Why are so many health care workers going to work sick?

94% of you say it’s a bad idea, but most of you do it anyway.

Why are so many health care workers going to work sick?

You feel lousy. But like the warrior you are, you march to work anyway.

You’ve got plenty of company, as a 2015 study in JAMA Pediatrics proved. Researchers surveyed more than 900 clinicians and found that 94% believed working when sick puts patients at risk. Yet, they didn’t call in sick due to challenges finding coverage, the norm of working through sickness, and—this one should sound familiar—not wanting to let colleagues and patients down.

But working through your illness could be an unhealthy approach to your own health and that of your patients.

Understand the risks

A responding editorial in JAMA Pediatrics noted that while health care workers live by the principle of “do no harm,” they actually do the opposite by coming in sick. Health care workers, the researchers wrote, “can transmit a variety of infections to patients during routine clinical activities. Even common but untreatable infections like enterovirus and respiratory syncytial virus can prove deadly to immunocompromised patients.”

And there are additional risks to working while ill: If you’re feverish or really feeling badly, you may not be thinking straight and your actions could endanger a patient. There’s a word for this: A 2010 report in the Journal of General Internal Medicine defined “presenteeism" as occurring when an employee goes to work despite an illness that prevents full functioning.

Let go of your ego

“Each of us feels no one can take care of our patients like we can,” says Barbara Bergin, M.D., an orthopedic surgeon in Austin. “Ego too big? We're not producing hamburgers or widgets. We have a very personal relationship with our patients, and many will cancel appointments rather than see someone else. We know that.”

She recalls once having been struck with food poisoning and, with two surgeries scheduled, she came into the surgery center anyway and had an IV started for herself so that she could go ahead with them.

But if you do have the luxury of backup, let go of your ego and use it. "As a clinician with over eight years in practice, I tend to stay home while dealing with a common cold or flu, if shift coverage is provided,” says Elena Rom, R.N., B.S.N. and CEO at Abcor, a home health care agency in Chicago.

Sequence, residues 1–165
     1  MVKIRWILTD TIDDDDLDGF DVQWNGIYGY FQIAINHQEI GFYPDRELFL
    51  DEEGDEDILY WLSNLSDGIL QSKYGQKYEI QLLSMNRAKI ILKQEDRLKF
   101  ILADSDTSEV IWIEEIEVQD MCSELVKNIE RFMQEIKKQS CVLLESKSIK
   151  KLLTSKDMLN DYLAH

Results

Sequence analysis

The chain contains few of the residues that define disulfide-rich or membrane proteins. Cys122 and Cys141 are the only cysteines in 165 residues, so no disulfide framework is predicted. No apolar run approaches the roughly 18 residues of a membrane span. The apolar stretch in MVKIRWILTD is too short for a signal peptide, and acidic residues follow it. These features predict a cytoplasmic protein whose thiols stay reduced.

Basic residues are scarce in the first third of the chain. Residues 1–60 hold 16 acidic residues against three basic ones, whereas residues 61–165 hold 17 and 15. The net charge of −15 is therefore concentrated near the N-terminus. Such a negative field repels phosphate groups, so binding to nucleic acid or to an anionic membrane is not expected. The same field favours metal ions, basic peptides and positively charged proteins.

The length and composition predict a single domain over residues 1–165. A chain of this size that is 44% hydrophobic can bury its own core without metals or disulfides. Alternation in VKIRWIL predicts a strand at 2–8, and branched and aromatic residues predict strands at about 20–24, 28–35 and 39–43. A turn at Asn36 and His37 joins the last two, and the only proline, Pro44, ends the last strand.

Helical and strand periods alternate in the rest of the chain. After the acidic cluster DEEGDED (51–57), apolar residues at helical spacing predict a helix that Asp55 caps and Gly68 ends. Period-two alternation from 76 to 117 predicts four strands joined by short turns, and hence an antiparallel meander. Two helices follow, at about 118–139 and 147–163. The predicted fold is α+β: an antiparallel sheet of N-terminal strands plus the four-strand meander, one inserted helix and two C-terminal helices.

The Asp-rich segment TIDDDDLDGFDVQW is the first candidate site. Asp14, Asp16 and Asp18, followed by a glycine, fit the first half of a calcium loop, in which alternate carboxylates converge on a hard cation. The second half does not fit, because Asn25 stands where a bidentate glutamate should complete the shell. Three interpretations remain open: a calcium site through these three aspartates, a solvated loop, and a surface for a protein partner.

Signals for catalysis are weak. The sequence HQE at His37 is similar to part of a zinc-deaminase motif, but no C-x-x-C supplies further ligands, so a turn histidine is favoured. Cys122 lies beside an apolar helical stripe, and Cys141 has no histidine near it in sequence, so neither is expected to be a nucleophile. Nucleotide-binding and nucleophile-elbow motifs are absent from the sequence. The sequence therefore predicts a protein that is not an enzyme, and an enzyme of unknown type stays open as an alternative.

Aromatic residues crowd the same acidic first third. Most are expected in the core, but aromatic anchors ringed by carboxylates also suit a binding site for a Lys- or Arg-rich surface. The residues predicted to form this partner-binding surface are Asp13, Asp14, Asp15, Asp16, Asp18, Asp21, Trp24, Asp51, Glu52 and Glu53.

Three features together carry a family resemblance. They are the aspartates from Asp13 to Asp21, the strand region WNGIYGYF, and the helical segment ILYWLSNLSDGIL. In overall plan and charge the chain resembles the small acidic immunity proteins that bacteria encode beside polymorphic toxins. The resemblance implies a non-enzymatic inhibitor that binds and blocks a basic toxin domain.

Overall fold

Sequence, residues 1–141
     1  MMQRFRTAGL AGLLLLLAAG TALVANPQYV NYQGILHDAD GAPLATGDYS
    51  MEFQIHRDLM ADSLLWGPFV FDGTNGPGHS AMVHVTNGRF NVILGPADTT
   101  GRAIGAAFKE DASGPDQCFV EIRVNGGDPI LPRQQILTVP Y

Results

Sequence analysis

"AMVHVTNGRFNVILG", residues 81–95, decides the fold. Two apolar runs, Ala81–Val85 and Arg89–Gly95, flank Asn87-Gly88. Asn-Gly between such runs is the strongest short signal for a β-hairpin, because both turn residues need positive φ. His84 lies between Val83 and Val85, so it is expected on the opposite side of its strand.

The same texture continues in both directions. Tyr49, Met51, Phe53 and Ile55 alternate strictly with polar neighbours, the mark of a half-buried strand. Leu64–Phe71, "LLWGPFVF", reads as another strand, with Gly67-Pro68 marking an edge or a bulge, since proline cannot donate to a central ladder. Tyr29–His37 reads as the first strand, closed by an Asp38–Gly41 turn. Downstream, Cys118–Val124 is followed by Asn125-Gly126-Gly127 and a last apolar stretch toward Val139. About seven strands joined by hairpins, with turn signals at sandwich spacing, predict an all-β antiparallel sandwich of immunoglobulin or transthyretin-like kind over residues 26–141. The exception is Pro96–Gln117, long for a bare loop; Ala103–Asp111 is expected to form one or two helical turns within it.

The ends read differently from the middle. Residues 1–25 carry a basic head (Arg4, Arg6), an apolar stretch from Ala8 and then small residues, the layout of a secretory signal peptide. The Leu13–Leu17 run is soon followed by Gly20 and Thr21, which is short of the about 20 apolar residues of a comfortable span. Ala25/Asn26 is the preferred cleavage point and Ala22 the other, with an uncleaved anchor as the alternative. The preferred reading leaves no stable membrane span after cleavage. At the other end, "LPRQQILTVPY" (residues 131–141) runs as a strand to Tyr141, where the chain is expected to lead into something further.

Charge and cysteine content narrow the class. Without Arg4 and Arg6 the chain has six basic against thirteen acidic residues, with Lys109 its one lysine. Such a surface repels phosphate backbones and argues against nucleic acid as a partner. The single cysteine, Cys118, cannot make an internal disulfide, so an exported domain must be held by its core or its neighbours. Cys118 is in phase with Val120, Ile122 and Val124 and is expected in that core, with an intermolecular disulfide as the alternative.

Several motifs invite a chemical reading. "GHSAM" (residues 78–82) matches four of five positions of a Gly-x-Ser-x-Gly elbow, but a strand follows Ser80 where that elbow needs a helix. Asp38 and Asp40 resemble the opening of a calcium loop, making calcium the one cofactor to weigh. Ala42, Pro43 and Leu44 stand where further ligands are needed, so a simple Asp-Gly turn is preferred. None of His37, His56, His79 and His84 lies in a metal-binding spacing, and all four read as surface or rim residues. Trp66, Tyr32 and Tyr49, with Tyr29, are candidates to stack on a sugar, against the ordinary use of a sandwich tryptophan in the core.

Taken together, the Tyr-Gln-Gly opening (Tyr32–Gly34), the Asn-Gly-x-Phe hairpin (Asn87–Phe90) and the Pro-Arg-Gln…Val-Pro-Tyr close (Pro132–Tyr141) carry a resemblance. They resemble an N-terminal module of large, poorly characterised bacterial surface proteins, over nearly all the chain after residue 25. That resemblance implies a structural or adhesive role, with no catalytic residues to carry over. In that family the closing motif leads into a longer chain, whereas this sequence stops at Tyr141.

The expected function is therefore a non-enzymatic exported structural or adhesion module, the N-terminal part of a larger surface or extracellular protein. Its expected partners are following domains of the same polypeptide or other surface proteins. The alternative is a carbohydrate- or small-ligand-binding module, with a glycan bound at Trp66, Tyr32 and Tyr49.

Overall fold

Know what your boss expects

The bar is set very high in health care jobs, says Theresa Brown, R.N., and author of the book, The Shift: One Nurse, Twelve Hours, Four Patient’s Lives. “In this culture, you come to work unless you’re profusely vomiting blood,” she says, “so it’s unclear what actually constitutes ‘too sick to work.’”

But she suggests that breaking down that culture can happen starting with you. Start by asking your manager about the company’s sick-day policy and what he or she defines as too sick to work. This is especially important as you start a new job.

Draw your own line

Caring for adult patients in the critical care environment and working as a travel nurse, Jen Fox, R.N., M.S.N., author of the “Wanderlust Nurse” blog, is not entitled to paid sick time. “I could also have my contract cancelled if I miss more than one scheduled day,” she says.

So she differentiates between what’s a must-stay-home and what’s okay for the job. “An upper respiratory infection is much more tolerable at work than a gastrointestinal illness,” she says. “Also, I would not go to work with a fever.”

Even if your definition of what’s truly sick doesn’t line up with your boss’s, “don’t be shy about going to your doctor when you are sick and getting a note,” Brown says. If you need more ammunition, pursue the Family and Medical Leave Act (FMLA) and reach out to your union for support.

If you do go to work, at the very least do what Rom does: Wear your personal protective equipment, such as mask and gloves, at all times. Keep your sickness to yourself, and hopefully your colleagues will do the same.